Here is matrix inversion implemented in pure Haskell and a demonstration of its use with Complex Rational exact arithmetic:

A= [ 9 8*i 9*i 4 8*i 3 5*i 3*i ; 6*i 6 7*i 5 0 3*i 5*i 7 ; 4 4*i 4*i 8 1*i 3 1 9*i ; 4 6*i 7 5 4*i 7 4 4 ; 0 3 6 0 4 2*i 0 7 ; 7 2 0 4*i 3 3*i 1 4*i ; 4*i 3 8 1 2*i 3 1 3*i ; 3 3 4*i 3*i 6 3 7 1*i ]

Ainv= [ -651341+282669*i 70449+105643*i 470260+543736*i -90558-322394*i 940582+401976*i -1471210-32706*i 304731+202312*i 428573+497242*i ; 544367-80697*i -1154274+187794*i 1139302-87593*i -21921+1224087*i 1488234-1168263*i -1627965+1312344*i -1248400-535541*i 337176-362289*i ; -31970+991102*i 93690-139399*i 123282-341373*i -421343-757909*i 50198+495419*i 8593-654052*i -468577+527063*i 897227+455914*i ; 695254+159129*i -629809+1226054*i -2027820-1557744*i -161289+1062653*i -1299979-787107*i 915864+11456*i 1378121-78438*i 1043558-421873*i ; -925872-186803*i 1371020-146791*i -2291428-34310*i 2099076-57282*i -3405480+2662395*i 1616586-1020331*i 313380-265939*i -1386116-96576*i ; -1420678-1211999*i 1206717-844239*i 93772+1350941*i 1290846-32987*i -511+2133602*i 1126031+1379618*i -2659652-75501*i -2000675-207615*i ; 2039672+316590*i -813732+665441*i 417543-103784*i -2312041+106452*i 1746852-2305394*i -871774-685499*i 1641748-24893*i -261188+84637*i ; -23113-302279*i -610268-221894*i 1101428+322959*i -838351-211053*i -239412-540356*i 160747+259506*i 736020+689615*i -180808+391291*i ] / (-14799118+6333791*i)

Aesthetically striking is how simple input matrices become complicated when inverted: complexity seemingly appears out of nowhere. The complexity arises from a convolution of several effects: numerators and denominators intermingle as fractions get added; real and imaginary parts intermingle as complex numbers get multiplied; matrix elements intermingle in row operations.

(Perhaps this mixing could be put to cryptographic use someday? Row operations do vaguely look like Salsa20. AES has a field inversion to define its S box.)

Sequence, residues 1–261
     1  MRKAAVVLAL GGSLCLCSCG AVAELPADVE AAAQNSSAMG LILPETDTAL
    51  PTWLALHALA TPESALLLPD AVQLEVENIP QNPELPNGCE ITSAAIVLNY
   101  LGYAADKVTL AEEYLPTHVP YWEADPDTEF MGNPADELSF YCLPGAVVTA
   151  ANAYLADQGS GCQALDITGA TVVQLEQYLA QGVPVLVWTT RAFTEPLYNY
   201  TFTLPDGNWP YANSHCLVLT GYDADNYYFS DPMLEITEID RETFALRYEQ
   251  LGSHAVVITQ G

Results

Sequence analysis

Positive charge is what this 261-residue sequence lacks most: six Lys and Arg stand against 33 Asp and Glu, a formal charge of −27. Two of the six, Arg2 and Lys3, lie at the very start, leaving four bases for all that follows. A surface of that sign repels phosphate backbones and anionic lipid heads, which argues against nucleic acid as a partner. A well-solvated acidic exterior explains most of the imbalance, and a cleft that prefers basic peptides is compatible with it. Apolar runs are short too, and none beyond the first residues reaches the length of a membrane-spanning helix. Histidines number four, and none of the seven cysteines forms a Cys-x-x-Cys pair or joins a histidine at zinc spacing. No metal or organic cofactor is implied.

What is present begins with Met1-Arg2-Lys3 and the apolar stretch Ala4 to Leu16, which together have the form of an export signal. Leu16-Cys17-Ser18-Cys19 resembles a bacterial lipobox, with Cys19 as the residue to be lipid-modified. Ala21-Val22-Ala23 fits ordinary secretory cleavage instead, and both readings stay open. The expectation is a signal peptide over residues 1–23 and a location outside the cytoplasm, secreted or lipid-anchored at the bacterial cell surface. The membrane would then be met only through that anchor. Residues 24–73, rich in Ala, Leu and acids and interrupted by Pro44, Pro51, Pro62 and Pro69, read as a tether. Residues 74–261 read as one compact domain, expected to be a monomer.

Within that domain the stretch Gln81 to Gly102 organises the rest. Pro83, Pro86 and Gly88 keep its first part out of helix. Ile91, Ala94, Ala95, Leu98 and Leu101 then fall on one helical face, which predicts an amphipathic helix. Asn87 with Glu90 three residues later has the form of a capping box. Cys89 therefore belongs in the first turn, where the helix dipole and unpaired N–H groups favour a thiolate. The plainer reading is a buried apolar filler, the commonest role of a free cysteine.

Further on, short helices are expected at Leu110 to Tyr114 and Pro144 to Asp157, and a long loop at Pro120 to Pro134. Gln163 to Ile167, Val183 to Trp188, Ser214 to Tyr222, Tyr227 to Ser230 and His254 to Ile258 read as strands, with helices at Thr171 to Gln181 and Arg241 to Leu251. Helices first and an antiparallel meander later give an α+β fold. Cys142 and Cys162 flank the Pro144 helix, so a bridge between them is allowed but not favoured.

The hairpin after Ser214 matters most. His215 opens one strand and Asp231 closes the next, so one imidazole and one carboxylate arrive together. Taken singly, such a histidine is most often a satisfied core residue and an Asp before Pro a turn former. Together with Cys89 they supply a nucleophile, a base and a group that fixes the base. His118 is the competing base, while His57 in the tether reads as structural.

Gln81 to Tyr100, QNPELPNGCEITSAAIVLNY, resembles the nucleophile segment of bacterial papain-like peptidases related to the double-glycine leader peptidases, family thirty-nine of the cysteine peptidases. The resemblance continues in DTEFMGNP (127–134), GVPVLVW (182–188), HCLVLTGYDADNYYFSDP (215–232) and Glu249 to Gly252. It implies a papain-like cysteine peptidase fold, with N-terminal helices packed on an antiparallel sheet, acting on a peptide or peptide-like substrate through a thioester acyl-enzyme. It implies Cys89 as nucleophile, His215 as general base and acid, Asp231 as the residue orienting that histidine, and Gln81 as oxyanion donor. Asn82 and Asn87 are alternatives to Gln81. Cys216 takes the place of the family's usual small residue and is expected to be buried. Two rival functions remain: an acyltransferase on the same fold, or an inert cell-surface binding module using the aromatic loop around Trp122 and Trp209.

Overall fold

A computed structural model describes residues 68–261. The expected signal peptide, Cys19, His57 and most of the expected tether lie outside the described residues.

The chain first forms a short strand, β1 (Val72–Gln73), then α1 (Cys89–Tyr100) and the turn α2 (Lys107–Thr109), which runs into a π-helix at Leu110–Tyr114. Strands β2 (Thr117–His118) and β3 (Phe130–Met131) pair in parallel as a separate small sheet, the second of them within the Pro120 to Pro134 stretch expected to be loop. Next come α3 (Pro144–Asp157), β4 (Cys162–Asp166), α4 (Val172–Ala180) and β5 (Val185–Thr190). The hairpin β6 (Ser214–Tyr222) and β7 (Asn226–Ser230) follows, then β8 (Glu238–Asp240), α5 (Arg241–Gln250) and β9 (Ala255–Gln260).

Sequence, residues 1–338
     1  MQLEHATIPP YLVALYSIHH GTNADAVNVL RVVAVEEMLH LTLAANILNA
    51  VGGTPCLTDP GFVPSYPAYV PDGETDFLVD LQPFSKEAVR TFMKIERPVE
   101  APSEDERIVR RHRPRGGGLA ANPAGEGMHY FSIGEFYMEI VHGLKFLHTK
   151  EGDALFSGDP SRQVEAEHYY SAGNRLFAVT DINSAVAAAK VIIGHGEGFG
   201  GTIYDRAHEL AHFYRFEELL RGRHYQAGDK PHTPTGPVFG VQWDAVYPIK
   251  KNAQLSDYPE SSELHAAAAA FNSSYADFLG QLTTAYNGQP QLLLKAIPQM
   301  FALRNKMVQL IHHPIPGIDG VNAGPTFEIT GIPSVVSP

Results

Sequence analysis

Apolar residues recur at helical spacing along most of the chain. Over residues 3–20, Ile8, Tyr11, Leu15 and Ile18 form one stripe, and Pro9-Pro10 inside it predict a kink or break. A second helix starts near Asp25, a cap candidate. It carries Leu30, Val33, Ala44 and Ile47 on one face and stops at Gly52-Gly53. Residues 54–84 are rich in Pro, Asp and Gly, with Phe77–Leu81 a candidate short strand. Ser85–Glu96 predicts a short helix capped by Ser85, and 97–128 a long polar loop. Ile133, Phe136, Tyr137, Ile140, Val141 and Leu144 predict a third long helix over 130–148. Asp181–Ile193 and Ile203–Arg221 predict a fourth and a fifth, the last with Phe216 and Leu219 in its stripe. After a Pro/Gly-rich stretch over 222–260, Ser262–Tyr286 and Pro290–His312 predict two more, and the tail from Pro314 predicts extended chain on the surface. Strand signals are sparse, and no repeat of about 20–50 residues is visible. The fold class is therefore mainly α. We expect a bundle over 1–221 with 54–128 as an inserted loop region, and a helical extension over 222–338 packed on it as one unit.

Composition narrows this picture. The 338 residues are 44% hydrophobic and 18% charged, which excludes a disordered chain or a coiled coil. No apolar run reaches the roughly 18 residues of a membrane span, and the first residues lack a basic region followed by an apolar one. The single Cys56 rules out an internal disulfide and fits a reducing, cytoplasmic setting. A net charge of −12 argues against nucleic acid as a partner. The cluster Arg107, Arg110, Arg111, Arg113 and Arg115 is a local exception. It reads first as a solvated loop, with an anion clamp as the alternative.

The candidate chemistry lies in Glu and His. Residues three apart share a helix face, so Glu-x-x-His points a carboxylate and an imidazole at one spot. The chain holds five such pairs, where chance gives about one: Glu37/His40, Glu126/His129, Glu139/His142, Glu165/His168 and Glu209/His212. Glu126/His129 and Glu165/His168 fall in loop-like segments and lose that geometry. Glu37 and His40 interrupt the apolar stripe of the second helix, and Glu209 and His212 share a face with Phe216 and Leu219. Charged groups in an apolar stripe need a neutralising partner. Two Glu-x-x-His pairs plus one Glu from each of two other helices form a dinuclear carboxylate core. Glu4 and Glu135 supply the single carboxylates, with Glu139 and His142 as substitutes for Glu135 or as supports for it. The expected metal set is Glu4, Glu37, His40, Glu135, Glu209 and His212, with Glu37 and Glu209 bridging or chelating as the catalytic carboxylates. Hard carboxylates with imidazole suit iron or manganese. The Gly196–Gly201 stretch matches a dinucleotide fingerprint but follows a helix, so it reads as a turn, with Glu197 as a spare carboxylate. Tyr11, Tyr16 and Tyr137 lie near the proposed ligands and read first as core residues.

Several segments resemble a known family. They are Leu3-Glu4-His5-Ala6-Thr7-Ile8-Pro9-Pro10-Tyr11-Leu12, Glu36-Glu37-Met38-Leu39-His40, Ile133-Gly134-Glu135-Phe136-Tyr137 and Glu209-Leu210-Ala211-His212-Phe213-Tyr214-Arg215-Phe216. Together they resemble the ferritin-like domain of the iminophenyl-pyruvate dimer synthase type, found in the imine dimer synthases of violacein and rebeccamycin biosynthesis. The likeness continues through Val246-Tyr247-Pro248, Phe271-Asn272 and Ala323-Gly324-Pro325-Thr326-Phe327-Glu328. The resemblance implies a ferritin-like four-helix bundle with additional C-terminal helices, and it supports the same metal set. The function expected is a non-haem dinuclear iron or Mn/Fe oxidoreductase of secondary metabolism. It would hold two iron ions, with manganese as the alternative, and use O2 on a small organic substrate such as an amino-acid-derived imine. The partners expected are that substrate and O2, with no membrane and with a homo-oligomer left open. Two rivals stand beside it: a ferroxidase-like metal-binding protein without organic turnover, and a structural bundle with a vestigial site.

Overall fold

The code is kind of a mess, not really trying to achieve performance: we compute the LU decomposition to get the determinant, which is used just to provide the scalar factor in the final displayed result of the inverse to avoid fractions inside the matrix. (It is neat that multiplying through by the determinant makes fractions disappear.) We do a separately implemented Gauss-Jordan elimination on the original matrix to compute the inverse, then multiply by the determinant computed via LU.

We made modifications to two library packages.

We forked the `base`

module Data.Complex to a new module Data.ComplexNum to provide a Complex type that does not require RealFloat (so only requires Num). (Complex normally requires RealFloat because `abs`

and `signum`

of a Complex number requires sqrt.) Avoiding RealFloat allowed us to form Complex Rational, i.e., Complex (Ratio Integer), a powerful data type. We defined `abs`

and `signum`

as `error`

.

Our starting point for matrix operations was Data.Matrix in the matrix package (by Daniel Díaz). The original `luDecomp`

function calls `abs`

to select the largest pivot during LU decomposition. The output type of `abs`

is constrained in the Num class to be the same as the input type (`abs :: a -> a`

), so Complex numbers weirdly provide a Complex output type for `abs`

even through mathematically the absolute value of a complex number is real. Unfortunately Complex numbers do not provide Ord, so we cannot select the "largest" absolute value as the pivot. Therefore, we added a new entry point to LU decomposition, `luDecompWithMag`